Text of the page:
Each character also has his or her own selection of what are called action triggers, which are special attacks designed to use all of a character's weapon energy in a sudden burst. For example, X has an action trigger called charge shot that will damage all enemies onscreen; Spider will deal a hand of poker and then deal damage based on how the cards fall; Marino has a slot machine-type of trigger that can inflict various types of damage on enemies; and so on and so forth. Many action triggers require a bit of coordination and are often risky to attempt, but the payoff can be large. In addition, each of the reploids has an ability called hyper mode that he or she can call on for a limited number of turns. Hyper mode increases all of a character's attributes, it often gives him or her a sizable HP bonus, and it changes his or her outward appearance. Robots in hyper mode are generally power machines that come in very handy for the boss battles you'll encounter, though once the set number of turns has elapsed, that character will not be able to enter hyper mode again until he or she has rested or has used a special item.

Bosses are big, bad, often multicolored, and almost never fashion-conscious.

You can also polish enemies off decisively using something called a final strike, which is enabled if you've gotten a particular foe down to a certain fraction of his or her health in a single turn. At that time, a final strike meter will appear at the top of the screen. Hitting the action button will give you a set amount of time to attack, and then it's a matter of mashing buttons and causing all of your allies onscreen to let loose with a ridiculous assault of firepower. An enemy subject to a final strike is an enemy killed to satisfying excess. At the end of battle, all your allies will receive experience points, regardless of whether or not they've participated in the fighting. And during battle, you also have the option to quick-switch your fighting party members with any that you may have in reserve--without losing a turn--à la Final Fantasy X.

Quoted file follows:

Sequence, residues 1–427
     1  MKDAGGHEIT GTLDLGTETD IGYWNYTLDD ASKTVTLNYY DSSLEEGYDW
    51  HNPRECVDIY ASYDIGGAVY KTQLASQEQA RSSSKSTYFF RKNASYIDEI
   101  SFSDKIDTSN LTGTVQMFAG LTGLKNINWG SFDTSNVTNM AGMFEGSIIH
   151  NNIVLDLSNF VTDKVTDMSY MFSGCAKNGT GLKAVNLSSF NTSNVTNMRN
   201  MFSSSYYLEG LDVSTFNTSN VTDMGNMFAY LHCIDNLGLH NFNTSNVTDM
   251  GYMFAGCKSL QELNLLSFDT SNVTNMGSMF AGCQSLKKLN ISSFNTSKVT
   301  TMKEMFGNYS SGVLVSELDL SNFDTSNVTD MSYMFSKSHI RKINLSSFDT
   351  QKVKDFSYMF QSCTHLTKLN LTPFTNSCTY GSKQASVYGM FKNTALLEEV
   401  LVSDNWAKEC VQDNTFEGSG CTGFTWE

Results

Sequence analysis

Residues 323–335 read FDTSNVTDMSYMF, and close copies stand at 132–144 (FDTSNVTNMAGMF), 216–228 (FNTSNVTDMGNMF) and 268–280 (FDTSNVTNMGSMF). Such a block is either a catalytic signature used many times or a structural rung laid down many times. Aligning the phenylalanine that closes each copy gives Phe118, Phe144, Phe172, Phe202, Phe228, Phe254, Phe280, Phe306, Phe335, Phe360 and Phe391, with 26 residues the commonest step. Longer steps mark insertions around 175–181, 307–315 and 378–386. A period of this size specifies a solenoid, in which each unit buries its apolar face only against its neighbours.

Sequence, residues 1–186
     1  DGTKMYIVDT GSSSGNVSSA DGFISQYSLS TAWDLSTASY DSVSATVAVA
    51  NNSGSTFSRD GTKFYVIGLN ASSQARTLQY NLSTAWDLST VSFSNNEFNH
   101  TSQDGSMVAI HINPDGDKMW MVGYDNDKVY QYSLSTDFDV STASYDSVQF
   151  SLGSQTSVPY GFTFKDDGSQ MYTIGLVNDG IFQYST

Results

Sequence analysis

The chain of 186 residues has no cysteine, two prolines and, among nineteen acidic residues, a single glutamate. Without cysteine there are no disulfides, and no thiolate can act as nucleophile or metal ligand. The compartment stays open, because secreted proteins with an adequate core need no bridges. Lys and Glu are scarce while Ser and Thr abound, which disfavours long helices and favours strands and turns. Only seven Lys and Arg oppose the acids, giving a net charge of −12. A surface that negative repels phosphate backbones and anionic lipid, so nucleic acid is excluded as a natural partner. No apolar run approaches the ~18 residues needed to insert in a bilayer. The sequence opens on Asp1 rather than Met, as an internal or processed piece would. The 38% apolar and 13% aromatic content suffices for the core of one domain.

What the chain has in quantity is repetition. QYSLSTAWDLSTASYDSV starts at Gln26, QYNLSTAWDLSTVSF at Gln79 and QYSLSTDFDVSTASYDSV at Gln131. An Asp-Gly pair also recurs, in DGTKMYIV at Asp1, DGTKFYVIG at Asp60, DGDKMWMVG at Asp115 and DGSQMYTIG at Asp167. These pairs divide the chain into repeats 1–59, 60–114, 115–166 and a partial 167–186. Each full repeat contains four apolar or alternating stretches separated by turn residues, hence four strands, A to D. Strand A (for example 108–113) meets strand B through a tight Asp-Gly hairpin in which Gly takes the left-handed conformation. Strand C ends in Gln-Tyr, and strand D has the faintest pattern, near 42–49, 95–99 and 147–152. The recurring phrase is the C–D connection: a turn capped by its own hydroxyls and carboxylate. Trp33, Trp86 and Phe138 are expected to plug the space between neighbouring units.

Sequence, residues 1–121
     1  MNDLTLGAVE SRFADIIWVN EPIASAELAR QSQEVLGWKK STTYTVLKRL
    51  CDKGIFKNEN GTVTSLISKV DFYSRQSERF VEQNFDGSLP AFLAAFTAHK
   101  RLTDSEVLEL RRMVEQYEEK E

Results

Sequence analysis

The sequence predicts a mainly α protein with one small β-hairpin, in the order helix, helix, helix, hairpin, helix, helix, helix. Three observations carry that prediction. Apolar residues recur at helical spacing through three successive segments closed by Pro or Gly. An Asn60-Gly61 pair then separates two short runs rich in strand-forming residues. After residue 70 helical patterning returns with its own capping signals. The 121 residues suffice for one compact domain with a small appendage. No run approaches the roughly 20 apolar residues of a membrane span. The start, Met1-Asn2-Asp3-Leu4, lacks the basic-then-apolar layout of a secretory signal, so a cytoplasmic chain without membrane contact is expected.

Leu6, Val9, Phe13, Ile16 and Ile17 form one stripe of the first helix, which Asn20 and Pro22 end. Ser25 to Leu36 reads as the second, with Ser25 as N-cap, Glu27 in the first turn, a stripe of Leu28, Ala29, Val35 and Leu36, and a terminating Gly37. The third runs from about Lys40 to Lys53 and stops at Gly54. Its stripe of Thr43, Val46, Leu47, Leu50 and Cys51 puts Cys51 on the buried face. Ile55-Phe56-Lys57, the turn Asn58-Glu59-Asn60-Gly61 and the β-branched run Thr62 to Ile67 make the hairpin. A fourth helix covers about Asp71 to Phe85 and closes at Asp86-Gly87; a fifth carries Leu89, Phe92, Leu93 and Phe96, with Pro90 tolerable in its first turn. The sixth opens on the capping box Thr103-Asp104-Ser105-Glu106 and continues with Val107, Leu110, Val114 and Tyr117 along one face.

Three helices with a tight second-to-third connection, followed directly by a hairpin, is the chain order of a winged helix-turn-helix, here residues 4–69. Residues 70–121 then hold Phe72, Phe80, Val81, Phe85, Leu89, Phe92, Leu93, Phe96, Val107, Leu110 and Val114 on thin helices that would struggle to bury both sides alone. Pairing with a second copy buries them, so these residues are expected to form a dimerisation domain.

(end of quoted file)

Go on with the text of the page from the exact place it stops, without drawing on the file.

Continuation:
X and his friends, as well as the other characters in the game, all sport a clean, cartoon look with bold lines and bright colors to them, bringing the robot congregation to life. Suitably impressive and stylized are the bosses of each scenario in the game, who follow the fine Mega Man tradition of being unique both in appearance and in their battle abilities. The various environments and characters both show a good amount of detail, from the stylish body armor on many of the robots, to the various forested, crumbling, and industrial areas you'll visit. The visuals in the GameCube version of this game do tend to be sharper than in the PlayStation 2 version, with little to no other differences to speak of in other areas. The game's sound is of good quality, accurately delivering all the blaster fire, missile explosions, plasma sword sweeps, and metal-crunching sounds of defeated foes. The English voice work that's delivered is perfectly serviceable, and the music is energetic without being grating.

Aren't they cute? Everyone loves robots!

With its adaptable battle system and capable stable of characters, it seems like fans of X, Zero, and general robot mayhem would do well to watch this title. Mega Man X: Command Mission looks to be shaping up nicely for its release on the GameCube and PlayStation 2 consoles later this fall, so be sure to check out GameSpot, because we'll have more coverage of this game as its release date approaches.